Unwanted consumer electronics - cell and smart phones, computers and monitors, televisions, DVD and MP3 players, pagers, PDAs and other devices - are the fastest-growing category of waste in Massachusetts. Until recently, Bay Staters were discarding an average of more than 900,000 units annually, but that number has increased due to the federally-mandated transition to digital television broadcasting. If you own an analog TV, there is no need to replace it right away. You can extend its useful life by purchasing a digital converter box.
When you do have a television or any other unwanted electronics to discard, remember that still-useful items can be donated to others. Non-working electronics should be recycled to prevent lead, mercury and other toxics they contain from posing health and environmental risks after disposal. Some electronics - the cathode ray tubes (CRTs) found in most computer and television screens pre-dating flat panels - are banned from Massachusetts landfills and combustion facilities.
- Goodwill Industries
Lists Goodwill Industries locations that accept donations of newer televisions and computers.
- National Cristina Foundation
Accepts donated computers to give to people with disabilities and others at risk.
iPhones and iPods. Mail-in.
- AT&T Wireless
Cell phones and PDAs, plus accessories and batteries for those devices. In-store drop-off (AT&T-operated and participating authorized dealer stores only).
- Best Buy
All stores accept desktop and notebook computers and peripherals, DVD and VCR players, small electronics, telephones, and televisions and monitors up to 32 inches. Fees may apply to some items.The company also offers recycling grants to municipalities and non-profit organizations.
Computers and peripherals. Free recycling of Dell-branded products at any time, and of any brand when a consumer purchases new Dell equipment.
- Electronic Manufacturers Recycling Management (MRM) Co.
Free recycling of Mitsubishi, Panasonic, Quasar, Sharp, Technics, Toshiba and VIZIO televisions, DVD players, VCRs and other consumer electronics. There may be a charge for recycling other brands or products. Multiple locations in Massachusetts.
- Hewlett Packard (HP)
Cell phones, computer hardware, inkjet and laser printer cartridges, rechargeable batteries, and user-replaceable mercury-added lamp assemblies. Drop-off and mail-in.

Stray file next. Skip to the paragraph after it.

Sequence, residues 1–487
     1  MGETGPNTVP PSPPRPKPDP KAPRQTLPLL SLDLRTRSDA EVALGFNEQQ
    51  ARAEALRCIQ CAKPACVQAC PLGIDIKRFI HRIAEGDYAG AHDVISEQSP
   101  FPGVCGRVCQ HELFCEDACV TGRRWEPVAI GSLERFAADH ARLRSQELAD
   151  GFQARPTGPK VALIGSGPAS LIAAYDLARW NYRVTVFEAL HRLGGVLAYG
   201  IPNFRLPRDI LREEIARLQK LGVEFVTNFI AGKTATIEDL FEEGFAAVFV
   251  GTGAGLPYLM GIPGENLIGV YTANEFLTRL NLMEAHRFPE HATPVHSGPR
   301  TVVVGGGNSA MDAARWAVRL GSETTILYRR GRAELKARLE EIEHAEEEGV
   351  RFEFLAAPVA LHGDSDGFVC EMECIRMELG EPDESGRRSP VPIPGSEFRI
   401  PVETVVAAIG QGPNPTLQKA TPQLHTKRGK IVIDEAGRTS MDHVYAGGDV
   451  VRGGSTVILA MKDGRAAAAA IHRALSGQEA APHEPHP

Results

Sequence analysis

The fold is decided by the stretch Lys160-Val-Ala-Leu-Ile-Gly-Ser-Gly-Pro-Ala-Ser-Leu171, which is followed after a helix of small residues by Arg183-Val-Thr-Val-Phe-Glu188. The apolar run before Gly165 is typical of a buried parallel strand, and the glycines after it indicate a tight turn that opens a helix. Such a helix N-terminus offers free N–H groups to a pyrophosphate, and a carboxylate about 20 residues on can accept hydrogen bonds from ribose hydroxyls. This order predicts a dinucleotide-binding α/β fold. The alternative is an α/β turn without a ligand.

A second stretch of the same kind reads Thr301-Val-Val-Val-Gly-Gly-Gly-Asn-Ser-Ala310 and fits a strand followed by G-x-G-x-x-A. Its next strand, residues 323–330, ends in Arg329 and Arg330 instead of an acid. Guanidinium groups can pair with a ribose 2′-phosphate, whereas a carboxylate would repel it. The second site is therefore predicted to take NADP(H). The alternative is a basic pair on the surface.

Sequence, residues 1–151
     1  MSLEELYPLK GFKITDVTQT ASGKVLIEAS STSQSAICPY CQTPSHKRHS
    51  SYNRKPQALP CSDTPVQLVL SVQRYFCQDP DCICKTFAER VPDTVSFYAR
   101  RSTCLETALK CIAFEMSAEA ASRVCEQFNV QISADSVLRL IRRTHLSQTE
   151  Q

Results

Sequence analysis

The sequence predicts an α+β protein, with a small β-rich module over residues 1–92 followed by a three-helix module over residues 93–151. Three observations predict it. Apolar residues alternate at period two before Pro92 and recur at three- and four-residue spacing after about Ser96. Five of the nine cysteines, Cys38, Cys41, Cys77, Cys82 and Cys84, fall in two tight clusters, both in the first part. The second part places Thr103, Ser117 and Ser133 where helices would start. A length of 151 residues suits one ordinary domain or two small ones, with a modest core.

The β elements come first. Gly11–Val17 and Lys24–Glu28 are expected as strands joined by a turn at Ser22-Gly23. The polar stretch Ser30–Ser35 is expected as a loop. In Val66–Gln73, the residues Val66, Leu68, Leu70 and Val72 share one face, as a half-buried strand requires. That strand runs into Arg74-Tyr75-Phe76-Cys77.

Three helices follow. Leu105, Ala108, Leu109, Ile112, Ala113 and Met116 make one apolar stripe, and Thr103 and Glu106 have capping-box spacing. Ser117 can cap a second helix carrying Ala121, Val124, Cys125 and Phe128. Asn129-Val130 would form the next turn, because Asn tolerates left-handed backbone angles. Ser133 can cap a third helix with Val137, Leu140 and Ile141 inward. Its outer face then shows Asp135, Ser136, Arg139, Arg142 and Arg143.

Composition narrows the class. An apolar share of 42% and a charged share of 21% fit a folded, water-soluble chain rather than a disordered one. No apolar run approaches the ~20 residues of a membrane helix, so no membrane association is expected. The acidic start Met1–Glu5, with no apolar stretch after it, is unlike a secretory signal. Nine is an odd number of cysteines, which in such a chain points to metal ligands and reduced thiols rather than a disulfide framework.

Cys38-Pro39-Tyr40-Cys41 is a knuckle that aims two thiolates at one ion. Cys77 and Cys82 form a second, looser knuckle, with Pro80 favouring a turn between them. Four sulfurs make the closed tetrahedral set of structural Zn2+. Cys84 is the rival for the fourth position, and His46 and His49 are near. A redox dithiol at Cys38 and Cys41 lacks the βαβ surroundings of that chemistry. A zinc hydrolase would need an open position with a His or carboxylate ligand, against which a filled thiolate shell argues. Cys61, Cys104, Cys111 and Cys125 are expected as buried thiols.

Printers, inkjet cartridges and toner cartridges. Mostly mail-in.
- LG Electronics
Most LG, GoldStar and Zenith products, except cell phones. Consumers can recycle up to five units per day, free of charge, by dropping them off at designated Waste Management Inc. (WM) eCycling locations. Cell phones are covered under a separate program.
All Samsung products. Free recycling at drop-off locations and events sponsored by Samsung, retailers and recyclers.
All Sony products. Consumers can recycle up to five units per day, free of charge, by dropping them off at designated Waste Management Inc. (WM) eCycling locations.
Cell phones, inkjet and toner cartridges, pagers, PDAs and rechargeable batteries. In-store drop-off.
Cell phones, accessories, batteries and connection cards that are no longer being used. In-store drop-off and mail-in.
Cell phones, accessories, batteries and PDAs. In-store drop-off and mail-in.
- Earth 911: Recycling In Your Community
Search for local programs by ZIP Code and/or the item you want to recycle.
- Greener Gadgets
Find more environmentally-friendly products and learn how to recycle old, unwanted units on this industry-sponsored web site.
- eCycling Central
Find reuse, recycling and donation programs on this site sponsored by electronics and high-tech companies.
- Go Wireless, Go Green
Industry-supported web site connecting consumers to donation opportunities, mail-back programs and an online auction for selling old mobile phones.
- Health Care Without Harm
Learn about the health effects of lead, mercury and other toxics found in consumer electronics.
- Rechargeable Battery Recycling Corp.
Industry-supported national program provides for recycling of rechargeable batteries that are commonly found in camcorders, cellular and cordless phones, cordless power tools, digital cameras, laptop computers and remote control toys.
- Electronics Donation & Recycling
Helpful information from the U.S. Environmental Protection Agency (EPA).
Cathode ray tubes (CRTs) - found in many television and computer monitor screens - have been banned from Massachusetts solid waste disposal and transfer facilities since April 2000.